Ozempic Manufacturer Stock Surpasses Tesla, Goldman Sachs Claims Drug Will Boost US GDP

Recent stock values of Novo Nordisk, the multinational pharmaceutical company that markets Ozempic as an obesity cure for obese Americans, have surpassed Tesla.


Novo Nordisk’s (NOVOb.CO), maker of popular weight loss drug Wegovy, announced on Thursday positive results from an early clinical trial for a new drug that is highly anticipated.

The shares of Novo Nordisk rose more than 8%, reaching record highs. It climbed to 12th place in the global rankings, up from 14th, after the company informed investors that a Phase I study of an experimental drug called Amycretin, which is a pill, showed that participants lost 13.1% of their weight within 12 weeks.

We can expect the stock price to rise even more once the industry, via its “nonprofits” front groups, is successful in appropriating taxpayer money to subsidize Ozempic to all the millions of obese Americans on Medicare.

Wall St. is bullish about Ozempic being prescribed at scale to boost U.S. Gross Domestic Product.


Goldman Sachs estimates that the widespread use of powerful weight-loss medications in the United States will boost the gross domestic product (GDP) by 1% over the next few years, as fewer obesity-related complications may boost the workplace’s efficiency.

Analysts have predicted that the weight-loss drug market could reach $100 billion per year by the end of the decade. The leaders in the race are Novo Nordisk’s (NOVOb.CO) and Eli Lilly’s (LLY.N) Mounjaro.

Clinical trials could lead to the introduction of more GLP-1 agonists. Goldman Sachs stated on Thursday that the use of GLP-1s may increase from 10 to 70 million consumers by 2028.

Goldman economists wrote in a report that if GLP-1 use increases this much and leads to lower obesity rates, there could be significant spillovers into the wider economy.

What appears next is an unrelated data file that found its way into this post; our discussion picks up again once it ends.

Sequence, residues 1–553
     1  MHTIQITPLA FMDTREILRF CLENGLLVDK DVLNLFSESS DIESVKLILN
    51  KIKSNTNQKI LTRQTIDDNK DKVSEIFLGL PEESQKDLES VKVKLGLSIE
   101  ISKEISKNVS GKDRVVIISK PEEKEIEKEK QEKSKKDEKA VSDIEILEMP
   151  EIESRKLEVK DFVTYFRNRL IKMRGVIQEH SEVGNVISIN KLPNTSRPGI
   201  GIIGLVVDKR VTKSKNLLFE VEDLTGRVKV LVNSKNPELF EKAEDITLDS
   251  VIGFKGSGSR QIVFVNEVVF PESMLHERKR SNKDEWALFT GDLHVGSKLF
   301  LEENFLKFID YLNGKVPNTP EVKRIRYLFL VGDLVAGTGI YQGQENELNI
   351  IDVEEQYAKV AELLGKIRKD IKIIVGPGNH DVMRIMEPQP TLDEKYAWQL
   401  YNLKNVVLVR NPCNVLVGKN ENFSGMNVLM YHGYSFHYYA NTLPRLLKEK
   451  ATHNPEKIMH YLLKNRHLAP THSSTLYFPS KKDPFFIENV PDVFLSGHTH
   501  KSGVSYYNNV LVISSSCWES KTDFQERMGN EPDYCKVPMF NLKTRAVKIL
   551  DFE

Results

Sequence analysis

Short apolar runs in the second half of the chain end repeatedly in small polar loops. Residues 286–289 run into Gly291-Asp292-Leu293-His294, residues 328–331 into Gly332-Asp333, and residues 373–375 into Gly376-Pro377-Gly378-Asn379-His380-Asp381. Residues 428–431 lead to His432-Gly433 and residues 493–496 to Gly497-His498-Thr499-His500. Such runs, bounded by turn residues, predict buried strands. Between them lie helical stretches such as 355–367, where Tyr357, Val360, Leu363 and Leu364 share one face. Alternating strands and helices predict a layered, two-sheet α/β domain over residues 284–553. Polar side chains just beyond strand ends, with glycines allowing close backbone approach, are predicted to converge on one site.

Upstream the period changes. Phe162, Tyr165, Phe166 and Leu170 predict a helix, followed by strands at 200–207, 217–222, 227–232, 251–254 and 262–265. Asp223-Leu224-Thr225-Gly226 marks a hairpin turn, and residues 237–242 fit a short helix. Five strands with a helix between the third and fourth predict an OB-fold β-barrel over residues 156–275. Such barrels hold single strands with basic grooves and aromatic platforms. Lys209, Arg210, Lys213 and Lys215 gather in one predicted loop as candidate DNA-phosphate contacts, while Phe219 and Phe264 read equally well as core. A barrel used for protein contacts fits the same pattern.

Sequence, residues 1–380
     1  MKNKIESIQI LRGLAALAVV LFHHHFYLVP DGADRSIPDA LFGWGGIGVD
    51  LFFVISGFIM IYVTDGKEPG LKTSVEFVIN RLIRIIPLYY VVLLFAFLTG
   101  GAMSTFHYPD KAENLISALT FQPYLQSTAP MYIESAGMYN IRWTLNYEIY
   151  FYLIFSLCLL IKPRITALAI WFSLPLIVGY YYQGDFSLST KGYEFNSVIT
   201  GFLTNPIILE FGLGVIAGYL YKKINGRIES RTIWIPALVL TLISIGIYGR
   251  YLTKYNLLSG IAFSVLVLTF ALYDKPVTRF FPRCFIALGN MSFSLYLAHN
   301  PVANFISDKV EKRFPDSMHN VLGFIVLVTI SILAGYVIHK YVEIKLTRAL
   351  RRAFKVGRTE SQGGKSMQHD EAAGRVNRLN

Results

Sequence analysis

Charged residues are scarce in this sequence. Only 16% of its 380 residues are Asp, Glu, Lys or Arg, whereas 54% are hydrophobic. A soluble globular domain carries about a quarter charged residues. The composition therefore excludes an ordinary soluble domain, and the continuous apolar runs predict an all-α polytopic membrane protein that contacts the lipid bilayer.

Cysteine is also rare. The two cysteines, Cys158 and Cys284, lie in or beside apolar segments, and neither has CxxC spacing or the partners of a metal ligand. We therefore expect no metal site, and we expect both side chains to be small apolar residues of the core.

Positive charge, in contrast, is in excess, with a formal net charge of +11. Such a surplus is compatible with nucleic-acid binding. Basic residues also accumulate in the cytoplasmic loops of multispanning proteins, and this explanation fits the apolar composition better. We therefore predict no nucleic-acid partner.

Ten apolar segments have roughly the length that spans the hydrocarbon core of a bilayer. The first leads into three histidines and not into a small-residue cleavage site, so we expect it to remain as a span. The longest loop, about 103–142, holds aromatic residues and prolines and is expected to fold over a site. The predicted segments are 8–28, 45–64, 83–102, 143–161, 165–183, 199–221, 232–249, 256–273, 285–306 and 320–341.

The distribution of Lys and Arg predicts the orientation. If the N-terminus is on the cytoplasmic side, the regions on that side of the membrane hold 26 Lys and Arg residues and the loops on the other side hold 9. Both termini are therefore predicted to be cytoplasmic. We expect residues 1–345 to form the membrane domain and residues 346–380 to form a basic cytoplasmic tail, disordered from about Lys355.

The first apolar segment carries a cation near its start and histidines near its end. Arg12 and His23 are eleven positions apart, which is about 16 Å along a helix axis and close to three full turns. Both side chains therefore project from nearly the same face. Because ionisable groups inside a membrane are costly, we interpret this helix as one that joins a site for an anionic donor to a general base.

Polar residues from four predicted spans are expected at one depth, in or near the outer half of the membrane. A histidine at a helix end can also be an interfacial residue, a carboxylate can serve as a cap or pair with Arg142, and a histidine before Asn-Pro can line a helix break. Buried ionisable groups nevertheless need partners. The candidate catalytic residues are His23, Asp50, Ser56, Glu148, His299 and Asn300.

“Academic research shows that obese people are less likely to be employed and less productive at work.”

Notably, the relative advantages and disadvantages of an Ozempic lifelong prescription for real humans are not even mentioned.

Goldman Sachs has made it clear to its customers that they don’t care about the well-being of people.

Consumer Affairs:

Goldman Sachs recently questioned, in a report published for their biotech clients whether curing patients is good for the business.

In a report dated April 10, the analysts of the company asked if curing patients was a viable business model. The report focused on promising research in the field of the human genome. CNBC obtained the Goldman Sachs report which does not directly answer this uncomfortable question.

Gilead Sciences, a pharmaceutical company, is a cautionary example. In 2015, the company launched a treatment that cured over 90 percent of hepatitis C patients. Goldman Sachs reports that sales of this treatment have dropped dramatically in the years following.

Goldman Sachs analyst Salveen R. wrote that such treatments offer a different outlook in terms of recurring revenue than chronic therapies.

“While this proposition is of great value to patients and society as a whole, it may pose a challenge to developers of genome medicine who are looking for sustaining cash flow,” he said.